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rays deflected at certain s have a uniform velocity and how the energy loss is
dependent on the original velocity, the deflection angle, and the ordinal number.
Besides Geiger, Wagner in Munich could probably also be considered for such
Now perhaps I may say something else about the problem, or more correctly, ask
something. If the generated X-rays are defined by the equation
, ought then to be larger, the larger is ; i.e.,
the larger the loss in velocity. Shouldn’t one then expect that be larger, the larger
the deflection s are? That is, that the energy distribution curve of “brems” X-rays
at larger azimuths would have their maxima shifted toward smaller wavelengths?
But Wagner has found precisely the opposite in his
namely, that at
150° the maximum of the bremsstrahlung lies at higher wavelengths than at 90°. Or
else, does this have nothing to do with it because, if one doesn’t calculate classi-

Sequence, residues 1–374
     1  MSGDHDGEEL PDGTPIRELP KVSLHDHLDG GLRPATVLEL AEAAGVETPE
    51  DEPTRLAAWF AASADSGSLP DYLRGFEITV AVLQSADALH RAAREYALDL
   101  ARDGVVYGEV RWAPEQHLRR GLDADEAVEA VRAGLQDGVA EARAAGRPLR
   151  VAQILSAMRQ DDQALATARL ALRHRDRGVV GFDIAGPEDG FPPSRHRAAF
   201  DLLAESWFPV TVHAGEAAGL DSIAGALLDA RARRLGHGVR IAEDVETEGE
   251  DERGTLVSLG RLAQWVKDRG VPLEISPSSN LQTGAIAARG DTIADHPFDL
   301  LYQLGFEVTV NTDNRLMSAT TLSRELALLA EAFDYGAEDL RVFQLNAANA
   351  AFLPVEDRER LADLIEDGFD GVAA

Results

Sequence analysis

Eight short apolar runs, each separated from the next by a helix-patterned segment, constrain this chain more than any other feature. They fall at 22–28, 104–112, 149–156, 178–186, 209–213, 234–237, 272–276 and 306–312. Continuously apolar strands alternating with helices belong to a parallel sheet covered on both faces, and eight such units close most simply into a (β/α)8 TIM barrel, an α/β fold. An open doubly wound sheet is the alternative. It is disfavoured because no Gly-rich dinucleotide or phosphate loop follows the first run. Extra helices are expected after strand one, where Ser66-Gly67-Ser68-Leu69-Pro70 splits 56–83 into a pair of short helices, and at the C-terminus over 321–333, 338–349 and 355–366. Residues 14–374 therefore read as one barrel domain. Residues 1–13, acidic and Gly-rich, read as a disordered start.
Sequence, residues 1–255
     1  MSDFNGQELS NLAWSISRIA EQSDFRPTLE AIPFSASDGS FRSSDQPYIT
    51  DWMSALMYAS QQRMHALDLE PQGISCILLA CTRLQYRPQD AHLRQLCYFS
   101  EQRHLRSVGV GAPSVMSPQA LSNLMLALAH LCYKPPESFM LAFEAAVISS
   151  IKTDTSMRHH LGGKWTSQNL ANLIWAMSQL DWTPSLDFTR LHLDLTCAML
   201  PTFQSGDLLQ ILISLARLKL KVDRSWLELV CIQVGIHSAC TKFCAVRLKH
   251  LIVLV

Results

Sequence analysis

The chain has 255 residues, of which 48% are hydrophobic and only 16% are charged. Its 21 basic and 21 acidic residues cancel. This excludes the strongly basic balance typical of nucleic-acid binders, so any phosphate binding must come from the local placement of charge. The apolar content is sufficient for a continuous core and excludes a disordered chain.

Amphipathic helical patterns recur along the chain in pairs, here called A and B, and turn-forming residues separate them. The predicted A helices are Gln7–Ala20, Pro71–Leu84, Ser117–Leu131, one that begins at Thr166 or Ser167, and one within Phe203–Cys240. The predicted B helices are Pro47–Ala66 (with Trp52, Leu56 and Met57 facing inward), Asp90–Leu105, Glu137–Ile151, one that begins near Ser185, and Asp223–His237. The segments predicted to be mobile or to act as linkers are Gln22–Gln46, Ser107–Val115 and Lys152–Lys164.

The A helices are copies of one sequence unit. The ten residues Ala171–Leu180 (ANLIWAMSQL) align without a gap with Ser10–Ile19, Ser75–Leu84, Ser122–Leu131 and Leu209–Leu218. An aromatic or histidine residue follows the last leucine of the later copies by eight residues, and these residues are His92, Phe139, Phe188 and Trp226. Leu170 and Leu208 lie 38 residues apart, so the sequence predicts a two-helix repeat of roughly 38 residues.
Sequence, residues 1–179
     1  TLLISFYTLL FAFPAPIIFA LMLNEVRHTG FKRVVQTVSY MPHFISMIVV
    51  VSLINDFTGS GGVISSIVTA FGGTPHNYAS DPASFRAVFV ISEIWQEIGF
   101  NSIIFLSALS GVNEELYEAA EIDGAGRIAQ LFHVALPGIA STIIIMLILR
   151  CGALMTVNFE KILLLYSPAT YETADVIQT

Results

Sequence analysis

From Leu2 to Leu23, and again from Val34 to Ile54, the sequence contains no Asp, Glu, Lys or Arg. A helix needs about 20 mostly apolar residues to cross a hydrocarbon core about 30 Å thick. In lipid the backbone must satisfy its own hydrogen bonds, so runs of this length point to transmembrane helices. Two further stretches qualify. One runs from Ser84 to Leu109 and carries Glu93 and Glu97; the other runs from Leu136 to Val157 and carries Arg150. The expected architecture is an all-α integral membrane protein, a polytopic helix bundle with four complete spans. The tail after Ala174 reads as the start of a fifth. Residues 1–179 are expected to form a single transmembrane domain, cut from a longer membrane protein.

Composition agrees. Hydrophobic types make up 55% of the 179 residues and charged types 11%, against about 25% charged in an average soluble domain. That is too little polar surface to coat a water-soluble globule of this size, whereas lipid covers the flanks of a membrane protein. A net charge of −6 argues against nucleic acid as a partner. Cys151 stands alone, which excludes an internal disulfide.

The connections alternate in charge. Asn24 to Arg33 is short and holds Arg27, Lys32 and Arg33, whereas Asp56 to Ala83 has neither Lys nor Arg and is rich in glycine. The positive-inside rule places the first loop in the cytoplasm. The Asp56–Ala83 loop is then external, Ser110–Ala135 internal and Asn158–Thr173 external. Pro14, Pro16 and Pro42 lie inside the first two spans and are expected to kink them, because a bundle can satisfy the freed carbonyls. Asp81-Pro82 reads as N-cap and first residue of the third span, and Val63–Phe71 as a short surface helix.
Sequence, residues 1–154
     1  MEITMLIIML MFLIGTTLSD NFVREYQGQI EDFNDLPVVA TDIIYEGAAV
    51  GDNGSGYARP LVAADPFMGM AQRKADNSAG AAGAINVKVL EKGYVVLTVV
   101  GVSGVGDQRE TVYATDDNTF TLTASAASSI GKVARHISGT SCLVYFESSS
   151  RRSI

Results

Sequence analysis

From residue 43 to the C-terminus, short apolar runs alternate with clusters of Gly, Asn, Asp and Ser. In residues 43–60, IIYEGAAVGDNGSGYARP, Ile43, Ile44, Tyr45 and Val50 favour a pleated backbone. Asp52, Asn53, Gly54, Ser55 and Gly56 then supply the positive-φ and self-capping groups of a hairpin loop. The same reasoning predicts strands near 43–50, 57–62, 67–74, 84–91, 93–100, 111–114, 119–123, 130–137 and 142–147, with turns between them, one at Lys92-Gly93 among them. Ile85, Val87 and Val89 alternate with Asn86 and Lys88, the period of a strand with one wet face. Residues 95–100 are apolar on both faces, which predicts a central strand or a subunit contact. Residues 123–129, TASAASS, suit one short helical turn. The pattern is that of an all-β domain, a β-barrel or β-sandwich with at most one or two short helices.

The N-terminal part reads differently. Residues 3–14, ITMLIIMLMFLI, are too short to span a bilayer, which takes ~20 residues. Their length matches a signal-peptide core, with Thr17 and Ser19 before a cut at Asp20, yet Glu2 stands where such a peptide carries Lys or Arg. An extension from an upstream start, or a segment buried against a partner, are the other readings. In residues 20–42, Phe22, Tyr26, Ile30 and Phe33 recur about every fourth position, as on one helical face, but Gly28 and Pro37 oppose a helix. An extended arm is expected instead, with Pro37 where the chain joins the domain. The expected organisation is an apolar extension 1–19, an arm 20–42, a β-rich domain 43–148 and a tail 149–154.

cally, one cannot say anything about the correlation between the orientations of the
deflected cathode rays and the generated X-rays? Additionally, in these cases we
have thick layers again, of course, and therefore summation effects.
Now I beg your forgiveness again for my tardy reply.
I hope you are having a very relaxing time in the countryside and
with best
regards, yours very sincerely,
Lise Meitner.
193. To Lise Meitner
Wustrow, 27 July
Dear Miss Meitner,
Cordial thanks for your kind
I think one should use cathode rays
at high tension, which one generates electrostatically by perhaps using an auto-
matic tension regulator. I have an idea for one. One can certainly obtain
perhaps even more. It must be difficult to get a sufficiently thin diaphragm. If this
is impossible, gas between two diaphragms would have to be used and constantly
= L
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